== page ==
Speaking of DSP usage, Waves StudioRack has been one of the most useful plugins throughout all of this. We were already Waves users at FOH and so it was a natural migration to using them in the box. Because we weren’t using our server there we just brought it over to the studio, installed StudioRack and got everything setup and we were off and running with external DSP assisted processing. Now, I didn’t migrate everything off to the server because the iMac Pro we are using with Logic is well equipped but I did move all the main buss groups and all effects tracks off to the server which helps a lot with stability. We also had the benefit of bringing in presets from SuperRack and using those as a good starting point for developing my presets for mixing in post. When we are back to normal I can use these presets I’ve developed in our new LV1 setup for broadcastas well. So if you’re not using Waves stuff that’s totally cool, however, from my experience, their ecosystem, especially for outboard DSP is one of the best on the market. Others have external servers but they aren’t near as robust. Plus having the presets easily follow you wherever you go is a big plus. If you don’t have a beast machine to edit on, be sure to look into Waves StudioRack

That’s it for this week. Next week I’ll get into the mechanics of my template which should help you to be able to refine yours (i.e. bussing, plugin generalities, etc). One thing that everyone does differently is how they buss through the showfile so I’ll definitely be hitting on how and what I do. If you want to make sure you don’t miss that or any other post, subscribe at this link, and you’ll get an email when anything is posted. If what I talked about today only served to muddy the waters a bit in your situation, don’t be afraid to drop me a comment below or shoot me an email at See you next week!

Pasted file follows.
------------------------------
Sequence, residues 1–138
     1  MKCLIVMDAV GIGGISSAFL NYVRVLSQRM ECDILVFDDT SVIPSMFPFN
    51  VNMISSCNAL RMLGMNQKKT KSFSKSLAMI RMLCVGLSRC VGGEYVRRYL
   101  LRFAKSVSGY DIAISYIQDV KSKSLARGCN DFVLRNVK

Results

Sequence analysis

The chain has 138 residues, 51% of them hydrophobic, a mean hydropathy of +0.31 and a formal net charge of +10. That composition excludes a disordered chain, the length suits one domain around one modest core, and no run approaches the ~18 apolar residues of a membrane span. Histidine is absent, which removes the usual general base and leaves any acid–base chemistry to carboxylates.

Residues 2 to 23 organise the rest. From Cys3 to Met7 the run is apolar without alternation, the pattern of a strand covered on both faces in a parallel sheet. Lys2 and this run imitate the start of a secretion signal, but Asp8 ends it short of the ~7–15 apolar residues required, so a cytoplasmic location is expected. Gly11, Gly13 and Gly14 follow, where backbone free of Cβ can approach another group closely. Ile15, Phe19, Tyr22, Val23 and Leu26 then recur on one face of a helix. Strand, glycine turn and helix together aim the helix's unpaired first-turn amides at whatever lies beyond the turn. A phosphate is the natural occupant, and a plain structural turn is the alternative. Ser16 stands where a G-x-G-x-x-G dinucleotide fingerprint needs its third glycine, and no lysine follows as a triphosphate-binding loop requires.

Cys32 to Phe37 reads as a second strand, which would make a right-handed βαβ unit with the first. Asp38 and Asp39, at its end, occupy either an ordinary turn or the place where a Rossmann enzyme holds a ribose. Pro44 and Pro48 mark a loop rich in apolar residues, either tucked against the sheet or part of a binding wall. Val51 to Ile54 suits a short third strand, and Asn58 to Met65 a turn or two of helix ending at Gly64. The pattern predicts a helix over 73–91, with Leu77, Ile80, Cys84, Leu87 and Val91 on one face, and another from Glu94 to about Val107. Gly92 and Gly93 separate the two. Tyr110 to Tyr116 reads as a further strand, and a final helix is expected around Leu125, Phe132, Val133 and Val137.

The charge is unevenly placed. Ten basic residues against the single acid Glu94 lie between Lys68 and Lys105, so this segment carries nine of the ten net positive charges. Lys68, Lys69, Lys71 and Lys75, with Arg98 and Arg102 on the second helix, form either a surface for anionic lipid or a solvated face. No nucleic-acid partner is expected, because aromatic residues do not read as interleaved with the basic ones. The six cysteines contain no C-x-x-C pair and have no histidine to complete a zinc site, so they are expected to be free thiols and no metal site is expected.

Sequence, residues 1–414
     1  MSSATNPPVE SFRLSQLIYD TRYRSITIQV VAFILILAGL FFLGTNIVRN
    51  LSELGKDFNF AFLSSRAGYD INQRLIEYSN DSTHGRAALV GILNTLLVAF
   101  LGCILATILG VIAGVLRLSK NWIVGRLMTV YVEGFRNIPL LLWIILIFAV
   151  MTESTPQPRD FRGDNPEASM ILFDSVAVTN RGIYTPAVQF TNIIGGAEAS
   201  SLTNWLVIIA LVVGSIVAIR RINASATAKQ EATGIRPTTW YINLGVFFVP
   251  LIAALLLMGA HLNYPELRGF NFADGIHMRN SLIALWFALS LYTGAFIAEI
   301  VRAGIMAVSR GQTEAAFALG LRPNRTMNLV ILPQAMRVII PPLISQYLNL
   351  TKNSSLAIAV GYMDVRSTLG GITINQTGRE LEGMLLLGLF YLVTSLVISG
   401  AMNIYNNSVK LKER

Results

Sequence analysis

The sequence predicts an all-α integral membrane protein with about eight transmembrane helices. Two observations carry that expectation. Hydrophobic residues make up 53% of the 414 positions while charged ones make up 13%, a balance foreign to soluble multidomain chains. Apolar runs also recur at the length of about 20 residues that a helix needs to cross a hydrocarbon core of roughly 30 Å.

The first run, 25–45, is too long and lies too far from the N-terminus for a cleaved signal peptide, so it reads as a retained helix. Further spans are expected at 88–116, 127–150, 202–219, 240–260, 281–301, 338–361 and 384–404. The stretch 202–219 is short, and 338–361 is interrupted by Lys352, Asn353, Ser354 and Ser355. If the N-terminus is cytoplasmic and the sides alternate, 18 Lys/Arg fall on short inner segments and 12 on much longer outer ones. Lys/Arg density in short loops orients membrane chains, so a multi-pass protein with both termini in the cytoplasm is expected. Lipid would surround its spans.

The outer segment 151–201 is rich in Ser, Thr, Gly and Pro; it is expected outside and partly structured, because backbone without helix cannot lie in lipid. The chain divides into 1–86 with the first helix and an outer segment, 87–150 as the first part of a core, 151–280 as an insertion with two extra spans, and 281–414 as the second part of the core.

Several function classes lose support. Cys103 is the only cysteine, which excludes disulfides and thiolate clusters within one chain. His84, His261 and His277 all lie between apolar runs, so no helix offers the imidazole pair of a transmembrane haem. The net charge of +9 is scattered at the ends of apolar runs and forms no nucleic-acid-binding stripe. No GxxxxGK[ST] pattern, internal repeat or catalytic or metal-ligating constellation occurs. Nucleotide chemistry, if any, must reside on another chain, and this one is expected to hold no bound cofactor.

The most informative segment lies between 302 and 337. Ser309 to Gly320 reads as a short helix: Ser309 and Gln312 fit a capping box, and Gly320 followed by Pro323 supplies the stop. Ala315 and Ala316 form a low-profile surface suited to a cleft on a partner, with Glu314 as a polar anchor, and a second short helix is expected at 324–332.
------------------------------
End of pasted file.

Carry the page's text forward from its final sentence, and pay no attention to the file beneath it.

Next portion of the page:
Tips and Tricks: Trust Yourself

This is the last week of my holiday series about mixing through what is a busy time for just about anyone in the audio industry. These last few weeks we’ve talked quite a bit about pacing yourself in terms of exposure and utilizing tools to mix efficiently, but this week I wanted to wrap up the series by discussing the fact that I believe more engineers need to trust their skills, trust their work, and trust their instruments as they mix through hearing fatigue. 

Over the last couple of years of blogging here I’ve talked about the importance of taking advantage of as many tools as you can to measure sound. Whether that’s just SPL, running an RTA, having wireless workbench open, or whatever else, there are so many objective metrics to help us make better subjective decisions. Whether you’re in the studio, at monitors, or running FOH, there is always information that can be gathered and used. One of the biggest reasons I run Smaart is to help me mix when I know my ears are tired. I know, I know, I should be mixing with my ears, I completely agree. However, sometimes show schedules combined with rehearsal schedules make being at full strength hearing-wise difficult. I also condition this whole idea of mixing on instruments with the requirement that you’ll need to have put in the time beforehand in virtual soundcheck dialing in the mix in order to learn what your instruments need to be saying and how to accomplish what you are looking for.